Ismet Tastan: Pillar of the Australian Kurdish Community

Interviewed by Dr. Hawzhin Azeez

Ismet Tastan is one of those rare Kurds whose tireless efforts for the Kurdish people deserves detailed attention and praise. I have known Ismet for well over a decade and can say with confidence that his selfless passion and unending love for the Kurdish cause served as one of my inspirations and my own political involvement following the rise of ISIS in 2014 and their attacks on the Yezidi people as well as in Kobanê. Ismet is a pillar of the Kurdish community in Australia and has been the Sydney branch co-chair a number of years running. Not a protest or rally is held, a hunger strike or other symbolic events, meetings with MPs, various communities, awareness raising campaigns and so on in Australia – without Ismet being present and leading the events in some capacity.

I wanted to have this interview with Ismet to honor his unending, Herculean efforts at supporting the Kurds both at home and in the diaspora, for inspiring the Australian Kurdish community and younger generations to be more involved in the Kurdish cause, and for his unfailing integrity and commitment to our community. The rare souls like that of Ismet deserve a special place in the heart of the Kurdish communities and should be honored and valued for a lifetime of work whose rewards are not seen in monetary or official accolades, but in the love and respect the community holds towards them. Ismet’s story teaches us that life in diaspora can further fuel and propel our passion for Kurdistan and its liberation rather than extinguish it. His Australian-Kurdishness story is a heartwarming narrative of courage, strength and resilience.

Tell us a bit about yourself, your childhood, and where you grew up.

My name is Ismet Tastan, and I was born in the northern part of Kurdistan known as Bakur. I was born in the region of Qerekose (Agri), which is part of Bakur (North) of Kurdistan occupied by Turkey. I was part of a big Kurdish family in our village called Ezdo, where I was the 5th child out of 8 siblings. I spent the first 12 years of my life there, which housed just 125 families and was historically from a single tribe. Local myth claimed that the village had originally been a Yezidi one, hence its name. However, due to the harsh living conditions and the pressure from the government my family was forced to move to a larger city of Gihdin (Diyadin).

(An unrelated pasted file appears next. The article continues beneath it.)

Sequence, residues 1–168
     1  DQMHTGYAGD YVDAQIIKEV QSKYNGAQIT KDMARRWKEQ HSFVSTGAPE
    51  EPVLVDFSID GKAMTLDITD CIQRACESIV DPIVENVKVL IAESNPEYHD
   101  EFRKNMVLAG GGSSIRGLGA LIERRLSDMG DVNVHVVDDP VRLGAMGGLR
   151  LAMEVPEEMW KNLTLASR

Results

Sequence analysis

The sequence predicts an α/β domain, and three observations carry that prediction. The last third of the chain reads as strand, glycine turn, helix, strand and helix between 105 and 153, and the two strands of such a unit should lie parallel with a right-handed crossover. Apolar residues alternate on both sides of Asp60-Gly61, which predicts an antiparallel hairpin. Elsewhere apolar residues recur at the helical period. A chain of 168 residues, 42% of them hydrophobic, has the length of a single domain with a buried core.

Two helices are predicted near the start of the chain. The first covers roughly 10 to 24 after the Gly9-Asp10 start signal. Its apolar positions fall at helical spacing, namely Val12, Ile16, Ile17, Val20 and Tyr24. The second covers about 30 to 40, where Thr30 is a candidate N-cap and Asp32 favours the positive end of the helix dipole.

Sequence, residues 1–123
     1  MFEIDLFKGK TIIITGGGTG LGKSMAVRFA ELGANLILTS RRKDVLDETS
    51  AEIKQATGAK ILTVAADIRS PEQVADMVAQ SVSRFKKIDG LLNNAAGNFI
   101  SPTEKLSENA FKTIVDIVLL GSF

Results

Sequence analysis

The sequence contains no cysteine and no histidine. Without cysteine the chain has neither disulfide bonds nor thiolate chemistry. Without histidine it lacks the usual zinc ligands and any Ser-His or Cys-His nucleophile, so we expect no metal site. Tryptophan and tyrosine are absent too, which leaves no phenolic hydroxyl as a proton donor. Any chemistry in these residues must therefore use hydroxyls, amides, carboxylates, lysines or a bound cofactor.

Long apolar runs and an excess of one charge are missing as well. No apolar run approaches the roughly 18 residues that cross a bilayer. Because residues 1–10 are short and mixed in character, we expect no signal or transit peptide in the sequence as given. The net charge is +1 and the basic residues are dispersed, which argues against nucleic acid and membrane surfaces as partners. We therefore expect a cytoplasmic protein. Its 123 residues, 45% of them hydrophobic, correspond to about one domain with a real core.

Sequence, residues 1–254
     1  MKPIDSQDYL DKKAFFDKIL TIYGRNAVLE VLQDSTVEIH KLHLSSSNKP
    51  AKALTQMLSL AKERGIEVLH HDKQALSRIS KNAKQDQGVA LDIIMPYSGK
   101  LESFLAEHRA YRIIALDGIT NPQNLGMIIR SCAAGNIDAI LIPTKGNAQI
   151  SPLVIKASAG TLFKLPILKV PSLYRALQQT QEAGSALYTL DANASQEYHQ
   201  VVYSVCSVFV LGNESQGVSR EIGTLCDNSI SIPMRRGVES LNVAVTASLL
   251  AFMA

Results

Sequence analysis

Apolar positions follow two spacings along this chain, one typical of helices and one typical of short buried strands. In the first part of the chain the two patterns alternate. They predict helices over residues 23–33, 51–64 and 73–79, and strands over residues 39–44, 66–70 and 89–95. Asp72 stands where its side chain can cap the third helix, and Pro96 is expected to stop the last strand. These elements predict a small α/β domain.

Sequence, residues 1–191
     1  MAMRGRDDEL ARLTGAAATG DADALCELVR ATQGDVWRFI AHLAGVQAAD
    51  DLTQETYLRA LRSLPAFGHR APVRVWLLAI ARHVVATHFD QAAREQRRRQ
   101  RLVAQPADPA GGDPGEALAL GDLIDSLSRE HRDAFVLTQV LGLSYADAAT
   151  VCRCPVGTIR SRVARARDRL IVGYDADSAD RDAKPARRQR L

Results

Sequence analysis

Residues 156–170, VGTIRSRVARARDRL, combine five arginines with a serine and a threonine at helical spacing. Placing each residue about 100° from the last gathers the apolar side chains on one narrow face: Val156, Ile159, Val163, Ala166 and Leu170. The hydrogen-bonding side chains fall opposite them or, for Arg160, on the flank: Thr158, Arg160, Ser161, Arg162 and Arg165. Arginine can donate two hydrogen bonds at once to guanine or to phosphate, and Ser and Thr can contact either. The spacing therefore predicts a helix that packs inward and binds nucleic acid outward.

Even as children we were not safe from government abuses. At the primary school where I boarded we were regularly faced by police and security violence. Systematic and weekly raids and control of the school would occur. Many of the Kurdish children felt extremely unsafe and were deeply traumatized by the ongoing presence and violent nature of the police forces. Many of the families of the children were involved in Kurdish politics, many family members of my school friends were arrested, in prison, disappeared or joined the Kurdish Freedom Movement due to the intense state violence and discrimination through the police and security forces.

My school years were deeply traumatizing and a painful introduction to the nature of Kurdish existence in Bakur of Kurdistan. Our teacher at school was a Turkish neo-nationalist and Islamist. His name was Ali Tarhan. He was especially abusive. He created an environment in the classrooms where we were terrified of each other and our siblings. We thought our classmates were spying on each and reporting the smallest details, including us speaking Kurdish at home to our parents to the teachers. For months, my sisters thought I was spying on them and I thought they were spying on me, so we were terrified at home and forced to speak Turkish with our parents. My parents, of course did not speak Turkish at all and still do not. This issue created a deep psychological trauma that splintered family relations and created an atmosphere of mistrust and fear. This continued for months. Eventually, my uncle who had just been released from jail visited us and he educated us about this issue.